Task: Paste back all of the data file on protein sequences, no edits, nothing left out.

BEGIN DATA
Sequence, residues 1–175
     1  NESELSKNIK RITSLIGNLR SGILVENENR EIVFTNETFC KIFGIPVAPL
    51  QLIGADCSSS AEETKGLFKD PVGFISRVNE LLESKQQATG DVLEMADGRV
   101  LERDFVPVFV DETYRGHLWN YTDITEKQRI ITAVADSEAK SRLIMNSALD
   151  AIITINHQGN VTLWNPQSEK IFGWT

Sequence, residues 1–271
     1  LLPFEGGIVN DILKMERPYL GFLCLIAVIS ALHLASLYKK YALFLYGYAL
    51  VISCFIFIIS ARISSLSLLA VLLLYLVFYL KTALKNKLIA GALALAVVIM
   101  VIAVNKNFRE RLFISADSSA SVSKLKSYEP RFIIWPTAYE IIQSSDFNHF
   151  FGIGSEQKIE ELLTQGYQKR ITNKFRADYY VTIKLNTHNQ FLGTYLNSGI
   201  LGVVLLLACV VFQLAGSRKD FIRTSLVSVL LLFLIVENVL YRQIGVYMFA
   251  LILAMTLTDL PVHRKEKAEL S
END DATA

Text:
Sequence, residues 1–175
     1  NESELSKNIK RITSLIGNLR SGILVENENR EIVFTNETFC KIFGIPVAPL
    51  QLIGADCSSS AEETKGLFKD PVGFISRVNE LLESKQQATG DVLEMADGRV
   101  LERDFVPVFV DETYRGHLWN YTDITEKQRI ITAVADSEAK SRLIMNSALD
   151  AIITINHQGN VTLWNPQSEK IFGWT

Sequence, residues 1–271
     1  LLPFEGGIVN DILKMERPYL GFLCLIAVIS ALHLASLYKK YALFLYGYAL
    51  VISCFIFIIS ARISSLSLLA VLLLYLVFYL KTALKNKLIA GALALAVVIM
   101  VIAVNKNFRE RLFISADSSA SVSKLKSYEP RFIIWPTAYE IIQSSDFNHF
   151  FGIGSEQKIE ELLTQGYQKR ITNKFRADYY VTIKLNTHNQ FLGTYLNSGI
   201  LGVVLLLACV VFQLAGSRKD FIRTSLVSVL LLFLIVENVL YRQIGVYMFA
   251  LILAMTLTDL PVHRKEKAEL S